Alumni Spotlight: Gregory Leighton, partner at Neal, Gerber, and Eisenberg

Intellectual Property (IP) is a growing field that encompasses a wide range of fields including patents, copyright, trademarks, privacy, and technology. We spoke with Gregory Leighton (JD ’06) who is currently a partner at Neal, Gerber, and Eisenberg in Chicago and works in the Intellectual Property and Technology Transactions practice group.

Gregory Leighton started out in patent prosecution which can be described as the task of working with the client to write and file a patent application with the patent office. Over time, he has transitioned into the privacy sector of the IP field, this is a newer area of the law that is growing at an exponential rate. Privacy law encompasses the protection and regulation of the data of individuals, private companies, and the government. Below, we discuss the intersection between IP and the Law at Loyola and the implications that the growth of technology will have on the law over time.

Alumni Spotlight:

Q: Tell us about your time at Loyola.

A: It was great, I really enjoyed going to law school there. While it feels like it was a very long time ago, I’m in a position where I feel like I haven’t really left as I had the opportunity to teach the IP section of Appellate Advocacy and will also be teaching a Privacy class with Professor Woods this upcoming Spring.

Q: Why would you recommend Loyola to prospective students interested in IP?

A: This is actually the reason you want to go to Loyola. Rather than it being overly focused on IP like other schools, it focuses on turning you into a strong, well-rounded attorney. You will leave law school equipped with a full legal education, and you will be much more prepared to approach and solve problems. You have years during your actual legal career to learn every little nuance of IP law, and you will master them then.

Q: In what way have you evolved as an attorney over the years?

A: I have evolved in a lot of different ways. I started out doing mostly patent prosecution, then turned into an IP litigator, and then into an IP litigator who was very focused on technology. I have now shifted into becoming a privacy/security lawyer. In regards to the law as a whole, it is important to note the role that technology is playing in the law and the shift in my practice as a result of that.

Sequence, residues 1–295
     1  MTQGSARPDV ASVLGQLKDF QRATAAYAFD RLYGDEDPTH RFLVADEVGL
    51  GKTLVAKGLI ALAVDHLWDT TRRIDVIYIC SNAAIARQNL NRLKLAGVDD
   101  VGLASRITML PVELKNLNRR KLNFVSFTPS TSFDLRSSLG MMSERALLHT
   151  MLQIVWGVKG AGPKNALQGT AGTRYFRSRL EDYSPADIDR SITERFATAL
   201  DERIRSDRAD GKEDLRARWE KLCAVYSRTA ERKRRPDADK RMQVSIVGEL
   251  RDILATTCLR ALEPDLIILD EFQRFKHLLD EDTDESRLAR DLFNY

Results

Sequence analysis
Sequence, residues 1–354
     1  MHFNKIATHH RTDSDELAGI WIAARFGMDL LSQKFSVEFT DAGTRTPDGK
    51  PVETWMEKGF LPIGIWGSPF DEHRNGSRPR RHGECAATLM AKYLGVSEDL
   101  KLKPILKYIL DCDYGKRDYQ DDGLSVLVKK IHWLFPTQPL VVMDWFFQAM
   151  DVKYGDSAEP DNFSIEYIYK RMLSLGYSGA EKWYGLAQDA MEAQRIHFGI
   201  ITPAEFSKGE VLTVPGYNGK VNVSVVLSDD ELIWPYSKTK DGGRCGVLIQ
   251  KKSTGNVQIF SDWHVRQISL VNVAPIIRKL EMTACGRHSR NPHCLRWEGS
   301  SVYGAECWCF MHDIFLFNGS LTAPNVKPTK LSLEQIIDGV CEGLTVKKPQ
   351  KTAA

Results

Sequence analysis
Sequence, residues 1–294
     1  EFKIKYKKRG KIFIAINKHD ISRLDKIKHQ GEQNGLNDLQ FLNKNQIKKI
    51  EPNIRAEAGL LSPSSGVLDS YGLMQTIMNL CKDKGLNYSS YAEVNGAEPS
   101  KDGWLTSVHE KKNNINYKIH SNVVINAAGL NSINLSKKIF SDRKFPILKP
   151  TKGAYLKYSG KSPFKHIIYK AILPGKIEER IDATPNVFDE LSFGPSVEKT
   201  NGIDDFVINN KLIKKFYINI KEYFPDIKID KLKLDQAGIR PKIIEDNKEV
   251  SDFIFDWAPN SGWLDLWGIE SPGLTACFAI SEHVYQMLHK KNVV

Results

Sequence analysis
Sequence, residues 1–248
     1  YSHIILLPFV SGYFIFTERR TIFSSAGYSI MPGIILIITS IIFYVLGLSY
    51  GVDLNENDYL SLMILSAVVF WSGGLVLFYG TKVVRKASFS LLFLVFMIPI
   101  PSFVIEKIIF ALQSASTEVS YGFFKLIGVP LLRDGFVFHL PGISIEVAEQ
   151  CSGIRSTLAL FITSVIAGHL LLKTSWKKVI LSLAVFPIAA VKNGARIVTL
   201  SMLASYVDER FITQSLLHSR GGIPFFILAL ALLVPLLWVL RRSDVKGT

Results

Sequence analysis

Q: What do you envision for your career in the future?

A: I hope to still be working as a lawyer (haha). Beyond that, it is important to focus on the role technology is playing, that it is automating many tasks that law firms would provide their clients. The whole industry is in the early stages of a pretty major transformation and we are only in the early days of it. In another 5 to 10 years I believe the way that we will be doing things is going to be immensely different. Lawyers are going to be focused on project management and more critical issues rather than the nitty-gritty things (research, data, shifting through papers).

Q: Finally, what is one piece of advice you would give to aspiring attorneys/young lawyers?

A: Pick a “major” within the law. There are no formal majors in law school as there are in undergrad, hence the quotes, but choosing a path will help guide your time at law school. Once you choose a path, take the classes offered in the field you are interested in as well as attend conferences about your chosen field to network at. The sooner you can pick a path to your specialty, the better off you will be. The reality is, in both today’s practice and the future, clients want specialized knowledge expertise. Especially if you are looking to practice in a larger city there is less and less place for a “general” lawyer- your specialty is what will help set you apart.

Interviewed by: Dhara Shah, Juris Doctor Candidate, May 2020


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